Mullaittivu, Sri Lanka 1986



“…women were strongly recommended to participate as combatants in the Tamil movement in order to make up manpower shortage; and they were provided with systematic military training-weapon technology, suicide bombing, combat, for instance.”
    -from “Women in the LTTE: Birds of Freedom or Cogs in the Wheel”

One gunshot, the ground
now studded with glass. 
A tuft of smoke, the whiff
of sulfur, replaces a bottle. 
Very good, Sothia-akka whispers. 
Why then is this pistol
so heavy in my hands?

Nelli Cordial turns the clay    
the color of dried blood. 
A glint, a wince, as if my bullet
caught the berm off guard. 

Sothia-akka places one palm
under my wrists, braces
my trembling arms. 
Her other she rests
over my chest, fingers
splayed as if measuring
the span of my heart. 
Truly, truly, thangachi, do not
worry. A bottle is much harder
 to hit than a man.

Note: Nelli Cordial is a type of soft drink. During the civil war, it was sold only in the north of Sri Lanka.


After a Pipe bomb Explosion, the Most Serious Injuries May Not Be Visible



causes the most damage
to gas-filled structures
within the human body. 
The tympanic membrane, 
consisting of keratin,
elastin, collagen,     
80 micrometers thick, may
rupture. Globe (eye ball) 
rupture. The sclera, 
not typically fragile, but
white and thick, splits open. 
The eye socket fills with blood, 
dark and viscous like etching ink. 
Blast lung results from
spallation and
implosion. Spallation
from Middle English spald, 
to split open. Blast waves
may perforate
the intestines and lacerate
the bowel. Fatal injury
can be sustained
in the absence
of other trauma. 
The front page features
a dying boy whose nose
and jaw are missing. But,
most of us, will never see
the ways in which
we’ve been destroyed.


My sister forwards a link: Nearly Detonated Atomic Bomb Over Goldsboro, North Carolina – Secret Document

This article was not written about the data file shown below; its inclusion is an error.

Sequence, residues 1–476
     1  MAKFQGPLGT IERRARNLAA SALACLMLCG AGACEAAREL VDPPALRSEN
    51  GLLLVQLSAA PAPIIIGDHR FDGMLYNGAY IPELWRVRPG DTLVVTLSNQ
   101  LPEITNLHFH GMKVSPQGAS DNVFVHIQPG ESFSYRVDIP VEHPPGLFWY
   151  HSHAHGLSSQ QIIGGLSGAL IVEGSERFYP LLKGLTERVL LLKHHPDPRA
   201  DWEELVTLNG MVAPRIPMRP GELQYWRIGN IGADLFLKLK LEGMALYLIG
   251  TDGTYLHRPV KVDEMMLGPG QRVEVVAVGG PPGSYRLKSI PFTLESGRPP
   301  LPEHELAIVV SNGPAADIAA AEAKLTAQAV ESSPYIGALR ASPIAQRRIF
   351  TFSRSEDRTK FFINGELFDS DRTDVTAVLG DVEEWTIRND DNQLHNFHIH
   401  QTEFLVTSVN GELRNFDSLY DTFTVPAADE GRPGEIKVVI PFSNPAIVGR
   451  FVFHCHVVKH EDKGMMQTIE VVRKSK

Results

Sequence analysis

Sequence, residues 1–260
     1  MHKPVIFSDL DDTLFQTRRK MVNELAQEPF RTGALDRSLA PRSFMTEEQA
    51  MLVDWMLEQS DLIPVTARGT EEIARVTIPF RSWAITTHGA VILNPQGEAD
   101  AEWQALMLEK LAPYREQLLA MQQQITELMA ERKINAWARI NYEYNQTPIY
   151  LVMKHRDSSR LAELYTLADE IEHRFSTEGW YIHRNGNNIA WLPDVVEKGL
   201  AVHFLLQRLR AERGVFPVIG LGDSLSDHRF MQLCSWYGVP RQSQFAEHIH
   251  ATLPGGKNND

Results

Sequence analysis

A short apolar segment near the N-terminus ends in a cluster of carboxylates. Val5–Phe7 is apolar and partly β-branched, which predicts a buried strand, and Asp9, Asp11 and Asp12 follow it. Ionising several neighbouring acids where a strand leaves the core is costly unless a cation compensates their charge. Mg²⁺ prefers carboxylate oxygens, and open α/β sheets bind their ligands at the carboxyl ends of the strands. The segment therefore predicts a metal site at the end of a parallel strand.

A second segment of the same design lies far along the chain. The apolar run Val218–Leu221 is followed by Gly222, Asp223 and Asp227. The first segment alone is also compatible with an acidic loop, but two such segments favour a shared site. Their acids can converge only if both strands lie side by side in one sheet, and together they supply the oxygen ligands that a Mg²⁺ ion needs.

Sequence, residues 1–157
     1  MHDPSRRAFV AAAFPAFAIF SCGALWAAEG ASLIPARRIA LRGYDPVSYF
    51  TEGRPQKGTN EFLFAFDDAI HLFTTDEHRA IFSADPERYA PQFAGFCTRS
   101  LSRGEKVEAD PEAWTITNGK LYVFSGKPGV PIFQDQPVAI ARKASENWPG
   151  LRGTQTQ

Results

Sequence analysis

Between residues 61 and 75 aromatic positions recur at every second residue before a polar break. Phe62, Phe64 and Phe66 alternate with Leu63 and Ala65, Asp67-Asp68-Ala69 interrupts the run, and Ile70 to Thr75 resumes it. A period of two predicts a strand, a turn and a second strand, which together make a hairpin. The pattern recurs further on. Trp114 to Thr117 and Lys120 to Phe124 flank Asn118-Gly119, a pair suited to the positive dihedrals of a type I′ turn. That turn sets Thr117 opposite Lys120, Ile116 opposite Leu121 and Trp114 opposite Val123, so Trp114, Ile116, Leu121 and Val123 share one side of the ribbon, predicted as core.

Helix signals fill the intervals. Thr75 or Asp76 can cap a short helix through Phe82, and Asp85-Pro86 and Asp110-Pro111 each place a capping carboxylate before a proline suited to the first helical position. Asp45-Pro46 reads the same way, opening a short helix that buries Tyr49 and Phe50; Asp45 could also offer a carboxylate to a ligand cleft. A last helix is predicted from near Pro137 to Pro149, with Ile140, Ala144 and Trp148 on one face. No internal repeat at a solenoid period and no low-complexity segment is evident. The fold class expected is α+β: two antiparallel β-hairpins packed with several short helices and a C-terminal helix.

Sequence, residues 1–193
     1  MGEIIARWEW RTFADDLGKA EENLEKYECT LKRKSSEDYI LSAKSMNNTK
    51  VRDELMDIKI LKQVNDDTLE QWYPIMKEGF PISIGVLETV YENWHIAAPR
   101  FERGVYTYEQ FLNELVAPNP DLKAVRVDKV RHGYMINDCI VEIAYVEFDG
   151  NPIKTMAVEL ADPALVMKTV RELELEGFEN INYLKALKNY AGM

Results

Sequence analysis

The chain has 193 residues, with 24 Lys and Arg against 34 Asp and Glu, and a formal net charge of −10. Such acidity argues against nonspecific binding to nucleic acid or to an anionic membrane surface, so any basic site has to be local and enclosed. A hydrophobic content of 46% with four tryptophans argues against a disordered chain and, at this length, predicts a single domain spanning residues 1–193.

How different our lives would be if the bomb went off and mommy and thaththa stayed in Sri Lanka instead of moving us to Goldsboro.

I click and an image appears
of a mushroom cloud,  
and a movie still
of Slim Pickens balancing
on a missile, and, at first, 
I think, this is a joke—
as is the name Slim Pickens— 
and, then, I grasp this is    
an actual headline,
in a foreign newspaper. 
I can’t help but wonder:

What if, in 1969, 
we were lied to?

What if the B-52 had
yawed and stalled,
one wing-flap jammed,
as the pilot, a soldier,
terrified, realizes
he can no longer see the horizon,
has lost all sense of direction,
has to swallow back the bile
as the ground spirals beneath him?
He hears only the death drum
and the roar
of the vacuum, forces
himself to remember
his training: push control
forward, jam right rudder
pedal with foot. Don’t fight
the spin.

So consumed is he, 
he doesn’t notice
that the hatch has opened,
and his cargo has fallen.
What if not just three but all four
safety mechanisms fail
when that MK 39 Mod 2  
hits the clay caked earth
of Ol’ Big Daddy Road?

That secret explosion
would explain why
my family remains
stateless, suspended, 
arms and legs flailing,
lips contorting to form
the eternal ‘o.’ This would

explain why we’re
caught in chronic hysteresis,
in other words a time loop,

always going, never leaving, 
never arriving, never staying,

in Goldsboro, 
or anywhere.



Hasanthika Sirisena's work has appeared in The Michigan Quarterly Review, The Santa Fe Literary Review, Construction Magazine, Narrative, Epoch and other magazines.